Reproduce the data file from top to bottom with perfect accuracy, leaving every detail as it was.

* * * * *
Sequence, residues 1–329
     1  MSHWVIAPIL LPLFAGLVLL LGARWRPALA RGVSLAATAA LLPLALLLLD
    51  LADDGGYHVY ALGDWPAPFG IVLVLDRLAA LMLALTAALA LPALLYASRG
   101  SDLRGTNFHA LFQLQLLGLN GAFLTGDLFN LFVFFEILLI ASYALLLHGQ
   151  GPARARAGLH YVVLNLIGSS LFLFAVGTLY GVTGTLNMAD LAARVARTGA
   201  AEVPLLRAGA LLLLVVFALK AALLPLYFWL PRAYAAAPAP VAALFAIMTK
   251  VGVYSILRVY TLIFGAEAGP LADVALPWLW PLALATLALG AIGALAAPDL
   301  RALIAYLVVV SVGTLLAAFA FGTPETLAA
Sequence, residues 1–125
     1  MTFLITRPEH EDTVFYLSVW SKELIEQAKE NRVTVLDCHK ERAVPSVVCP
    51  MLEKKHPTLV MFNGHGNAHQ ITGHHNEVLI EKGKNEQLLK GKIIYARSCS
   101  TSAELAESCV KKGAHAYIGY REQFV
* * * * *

Sequence, residues 1–329
     1  MSHWVIAPIL LPLFAGLVLL LGARWRPALA RGVSLAATAA LLPLALLLLD
    51  LADDGGYHVY ALGDWPAPFG IVLVLDRLAA LMLALTAALA LPALLYASRG
   101  SDLRGTNFHA LFQLQLLGLN GAFLTGDLFN LFVFFEILLI ASYALLLHGQ
   151  GPARARAGLH YVVLNLIGSS LFLFAVGTLY GVTGTLNMAD LAARVARTGA
   201  AEVPLLRAGA LLLLVVFALK AALLPLYFWL PRAYAAAPAP VAALFAIMTK
   251  VGVYSILRVY TLIFGAEAGP LADVALPWLW PLALATLALG AIGALAAPDL
   301  RALIAYLVVV SVGTLLAAFA FGTPETLAA
Sequence, residues 1–125
     1  MTFLITRPEH EDTVFYLSVW SKELIEQAKE NRVTVLDCHK ERAVPSVVCP
    51  MLEKKHPTLV MFNGHGNAHQ ITGHHNEVLI EKGKNEQLLK GKIIYARSCS
   101  TSAELAESCV KKGAHAYIGY REQFV